Benzodiazepines have been widely used for their anxiolytic actions. However, the contribution of GABAAreceptor subtypes to anxiolysis is still controversial. Studies with mutant mice harboring diazepam-insensitive α-subunits α1, α2, α3, or α5 have revealed that α2-containing GABAAreceptors (α2-GABAARs) are required for diazepam-induced anxiolysis, with no evidence for an involvement of any other α-subunit, whereas TP003, described as a selective modulator of α3-containing GABAAreceptors, was shown to be anxiolytic. Here, we describe a novel, systematic approach to evaluate the role of positive allosteric modulation of each of the four diazepam-sensitive α-subtypes in anxiety-related behavioral paradigms. By combining H to R point mutations in three out of the four diazepam-sensitive α-subunits in mice with a 129X1/SvJ background, diazepam becomes a subtype-specific modulator of the remaining non-mutated α-subtype. Modulation of α5-GABAARs, but not of α2-GABAARs, increased the time in the light side of the light-dark box as well as open-arm exploration in the elevated plus maze. In contrast, modulation of α3-GABAARs decreased open-arm exploration, whereas modulation of α2-GABAARs increased time in the center in the open-field test. Modulation of any single α-subtype had no effect on stress-induced hyperthermia. Our results provide evidence that modulation of α5-GABAARs elicits anxiolytic-like actions, whereas our data do not provide evidence for an anxiolytic-like action of α3-GABAARs. Thus, α5-GABAARs may be suitable targets for novel anxiolytic drugs.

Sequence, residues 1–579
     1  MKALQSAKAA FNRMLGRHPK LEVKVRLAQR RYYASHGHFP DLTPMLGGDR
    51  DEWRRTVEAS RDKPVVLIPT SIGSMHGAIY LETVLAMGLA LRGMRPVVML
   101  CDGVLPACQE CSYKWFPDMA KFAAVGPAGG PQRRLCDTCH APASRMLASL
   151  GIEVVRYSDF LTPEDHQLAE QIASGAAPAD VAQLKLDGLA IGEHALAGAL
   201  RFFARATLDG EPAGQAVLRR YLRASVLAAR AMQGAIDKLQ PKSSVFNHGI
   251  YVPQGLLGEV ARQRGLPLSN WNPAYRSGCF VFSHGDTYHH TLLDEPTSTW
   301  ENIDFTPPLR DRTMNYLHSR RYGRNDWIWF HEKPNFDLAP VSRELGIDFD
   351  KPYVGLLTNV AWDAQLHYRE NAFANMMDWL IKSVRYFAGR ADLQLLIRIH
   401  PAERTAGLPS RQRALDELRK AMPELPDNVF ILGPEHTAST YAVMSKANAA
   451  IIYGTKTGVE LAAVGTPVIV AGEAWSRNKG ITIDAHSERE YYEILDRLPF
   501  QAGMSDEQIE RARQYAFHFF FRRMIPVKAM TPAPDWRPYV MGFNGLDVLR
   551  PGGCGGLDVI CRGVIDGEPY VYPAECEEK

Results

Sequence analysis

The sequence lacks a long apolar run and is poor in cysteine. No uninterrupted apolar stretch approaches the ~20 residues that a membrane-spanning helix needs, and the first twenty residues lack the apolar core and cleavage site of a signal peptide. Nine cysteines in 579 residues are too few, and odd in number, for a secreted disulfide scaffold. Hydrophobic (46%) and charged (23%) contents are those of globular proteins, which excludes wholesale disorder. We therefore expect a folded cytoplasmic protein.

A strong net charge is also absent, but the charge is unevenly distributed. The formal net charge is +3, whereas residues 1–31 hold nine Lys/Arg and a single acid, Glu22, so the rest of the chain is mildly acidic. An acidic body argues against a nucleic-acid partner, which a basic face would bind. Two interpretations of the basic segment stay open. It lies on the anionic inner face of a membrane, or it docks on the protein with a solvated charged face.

- Psychiatry and Mental health